Mario Bunge's card-boxes and a card-pilferer
Mario Bunge (1919–2020) was an Argentine-Canadian philosopher and physicist. Here are some excerpts from his book Between Two Worlds: Memoirs of a Philosopher-Scientist (Springer-Verlag, 2016) about his use of card-boxes and about the alleged exploits of a card-pilferer. One guesses from these glimpses that Bunge's card-system was not as developed as Luhmann's, which is no discredit to Bunge's achievements.
"My next task was to prepare my course. Since none of the textbooks known to me was satisfactory, I resorted to the maieutic method that Plato had attributed to Socrates. My lectures consisted essentially in questions that I distributed beforehand to the students, and an abstract of the research that they had prompted. I wrote each question on a 6 × 8 card. I had adopted this procedure a few years earlier for my own work, so I did not start from scratch. Eventually I filled several hundreds of such cards, classed them by subject, and placed them in boxes. When a box filled up, it was time to write an article or a book chapter. The boxes complemented my hanging-files cabinet, containing sketches of papers, some of them aborted, as well as some letters." (p. 129)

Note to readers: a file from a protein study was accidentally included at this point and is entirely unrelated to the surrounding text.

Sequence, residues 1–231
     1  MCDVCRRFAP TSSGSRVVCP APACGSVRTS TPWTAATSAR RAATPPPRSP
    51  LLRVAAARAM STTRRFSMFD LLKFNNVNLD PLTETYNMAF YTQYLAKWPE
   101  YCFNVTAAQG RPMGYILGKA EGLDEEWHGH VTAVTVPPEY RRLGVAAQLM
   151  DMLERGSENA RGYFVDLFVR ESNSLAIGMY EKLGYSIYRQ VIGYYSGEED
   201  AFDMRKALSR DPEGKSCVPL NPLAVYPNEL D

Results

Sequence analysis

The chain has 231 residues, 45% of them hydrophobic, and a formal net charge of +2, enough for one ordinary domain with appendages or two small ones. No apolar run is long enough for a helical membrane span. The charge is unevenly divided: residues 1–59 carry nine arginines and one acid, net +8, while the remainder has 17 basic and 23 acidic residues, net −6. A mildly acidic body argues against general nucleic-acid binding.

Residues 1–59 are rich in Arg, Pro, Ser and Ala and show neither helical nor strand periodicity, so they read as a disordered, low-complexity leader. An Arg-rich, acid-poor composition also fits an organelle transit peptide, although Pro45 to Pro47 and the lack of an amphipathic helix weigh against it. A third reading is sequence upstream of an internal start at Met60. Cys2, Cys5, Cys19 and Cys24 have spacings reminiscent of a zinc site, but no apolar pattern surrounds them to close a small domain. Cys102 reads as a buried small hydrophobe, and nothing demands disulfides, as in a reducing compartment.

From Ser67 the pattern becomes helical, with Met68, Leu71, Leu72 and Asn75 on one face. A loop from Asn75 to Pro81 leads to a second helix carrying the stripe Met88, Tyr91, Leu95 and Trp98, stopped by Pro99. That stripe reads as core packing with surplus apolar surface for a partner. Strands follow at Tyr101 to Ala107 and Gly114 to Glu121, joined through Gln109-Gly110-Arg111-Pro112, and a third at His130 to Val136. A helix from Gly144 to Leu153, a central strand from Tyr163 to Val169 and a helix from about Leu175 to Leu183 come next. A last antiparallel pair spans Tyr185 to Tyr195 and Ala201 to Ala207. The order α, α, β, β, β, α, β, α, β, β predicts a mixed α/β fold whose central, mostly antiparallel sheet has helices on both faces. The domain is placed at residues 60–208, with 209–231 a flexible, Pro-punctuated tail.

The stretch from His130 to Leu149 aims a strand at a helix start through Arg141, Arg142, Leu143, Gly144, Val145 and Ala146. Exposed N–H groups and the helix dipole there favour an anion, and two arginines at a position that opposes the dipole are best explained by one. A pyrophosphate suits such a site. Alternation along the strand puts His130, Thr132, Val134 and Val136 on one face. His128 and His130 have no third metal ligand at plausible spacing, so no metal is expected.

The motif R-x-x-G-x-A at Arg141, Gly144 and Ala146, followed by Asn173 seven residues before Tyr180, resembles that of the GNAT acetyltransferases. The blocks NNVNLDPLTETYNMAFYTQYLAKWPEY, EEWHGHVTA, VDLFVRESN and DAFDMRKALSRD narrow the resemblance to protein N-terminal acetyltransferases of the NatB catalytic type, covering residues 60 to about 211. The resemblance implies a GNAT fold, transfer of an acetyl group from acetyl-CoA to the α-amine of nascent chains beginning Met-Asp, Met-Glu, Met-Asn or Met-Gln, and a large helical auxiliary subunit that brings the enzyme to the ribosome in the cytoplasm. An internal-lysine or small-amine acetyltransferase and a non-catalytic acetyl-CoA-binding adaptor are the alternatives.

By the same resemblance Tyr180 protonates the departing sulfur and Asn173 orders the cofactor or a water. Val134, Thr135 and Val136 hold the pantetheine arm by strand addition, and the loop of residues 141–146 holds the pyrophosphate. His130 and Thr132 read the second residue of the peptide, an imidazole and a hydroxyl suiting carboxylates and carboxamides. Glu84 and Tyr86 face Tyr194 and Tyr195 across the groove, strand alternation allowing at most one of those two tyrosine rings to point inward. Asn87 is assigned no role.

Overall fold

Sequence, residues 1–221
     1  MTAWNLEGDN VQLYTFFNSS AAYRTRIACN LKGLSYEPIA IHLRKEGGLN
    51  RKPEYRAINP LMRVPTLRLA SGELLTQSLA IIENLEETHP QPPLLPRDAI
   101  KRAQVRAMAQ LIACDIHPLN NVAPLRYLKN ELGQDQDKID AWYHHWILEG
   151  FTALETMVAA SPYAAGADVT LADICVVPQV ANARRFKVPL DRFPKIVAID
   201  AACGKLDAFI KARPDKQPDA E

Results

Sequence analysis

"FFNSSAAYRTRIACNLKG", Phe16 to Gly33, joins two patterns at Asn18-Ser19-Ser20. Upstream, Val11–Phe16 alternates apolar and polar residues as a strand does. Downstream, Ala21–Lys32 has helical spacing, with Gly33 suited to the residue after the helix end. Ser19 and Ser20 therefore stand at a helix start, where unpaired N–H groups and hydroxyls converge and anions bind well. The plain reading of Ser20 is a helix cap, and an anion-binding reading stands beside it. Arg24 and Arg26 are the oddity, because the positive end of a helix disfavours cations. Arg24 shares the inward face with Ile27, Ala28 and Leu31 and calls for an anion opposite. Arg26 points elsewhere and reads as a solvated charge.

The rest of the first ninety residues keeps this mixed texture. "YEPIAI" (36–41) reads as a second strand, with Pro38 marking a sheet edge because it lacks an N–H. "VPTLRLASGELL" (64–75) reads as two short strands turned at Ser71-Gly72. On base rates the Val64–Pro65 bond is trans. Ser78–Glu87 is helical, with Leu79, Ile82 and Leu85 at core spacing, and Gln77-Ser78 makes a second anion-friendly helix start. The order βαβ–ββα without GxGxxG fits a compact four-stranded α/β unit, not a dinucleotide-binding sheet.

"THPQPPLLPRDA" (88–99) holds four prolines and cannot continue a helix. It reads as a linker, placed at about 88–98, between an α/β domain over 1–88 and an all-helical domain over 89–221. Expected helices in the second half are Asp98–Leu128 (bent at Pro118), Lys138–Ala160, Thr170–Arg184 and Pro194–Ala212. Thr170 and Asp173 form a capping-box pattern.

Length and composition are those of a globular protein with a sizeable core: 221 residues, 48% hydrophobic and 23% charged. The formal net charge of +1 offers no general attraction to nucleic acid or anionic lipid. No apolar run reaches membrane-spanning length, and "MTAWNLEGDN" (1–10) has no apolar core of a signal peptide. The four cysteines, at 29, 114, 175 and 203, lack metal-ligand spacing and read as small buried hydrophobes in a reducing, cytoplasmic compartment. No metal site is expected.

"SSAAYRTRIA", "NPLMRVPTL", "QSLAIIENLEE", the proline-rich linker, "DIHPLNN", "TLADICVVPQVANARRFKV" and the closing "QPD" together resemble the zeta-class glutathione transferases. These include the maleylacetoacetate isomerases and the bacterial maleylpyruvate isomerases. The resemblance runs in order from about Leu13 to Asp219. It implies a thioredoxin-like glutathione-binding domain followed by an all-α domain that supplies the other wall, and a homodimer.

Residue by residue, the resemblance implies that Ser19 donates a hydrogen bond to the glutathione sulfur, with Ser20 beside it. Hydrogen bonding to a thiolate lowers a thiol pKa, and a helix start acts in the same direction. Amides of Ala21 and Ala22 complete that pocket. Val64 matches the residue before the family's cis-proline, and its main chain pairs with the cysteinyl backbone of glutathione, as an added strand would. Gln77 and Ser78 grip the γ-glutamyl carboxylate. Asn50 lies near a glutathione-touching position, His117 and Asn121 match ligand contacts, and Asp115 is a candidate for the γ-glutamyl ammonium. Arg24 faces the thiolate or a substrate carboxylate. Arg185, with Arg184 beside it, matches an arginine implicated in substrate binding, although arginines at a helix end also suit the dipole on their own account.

"I always typed a few hours a day on a heavy and noisy IBM typewriter. Before converting to the Apple faith, I wrote down every interesting idea or possibly useful datum on 5 × 8 cards that I kept in card-boxes. But I used them only sparingly to write papers of books, for they were just random collections. Once an unknown American scholar phoned me to announce that he was about to commit suicide because he had failed to craft a general theory of ideas out of thousands of cards that he had filled in the course of a decade. He had been a casualty of dataism, the idea that knowledge of anything is just a collection of bits of knowledge." (pp. 273–274)
"Another doctoral student who wished to work on technophilosophy was José Félix, a friendly Basque engineer whom I engaged as a house sitter while my family and I spent the long summer of 1985 in Mallorca. He seized this opportunity to photocopy all my unpublished essays and filing cabinet cards. The external examiner, who was familiar with my work, flunked José Félix's dissertation, alleging that it had been lifted from my publications." (p. 387)
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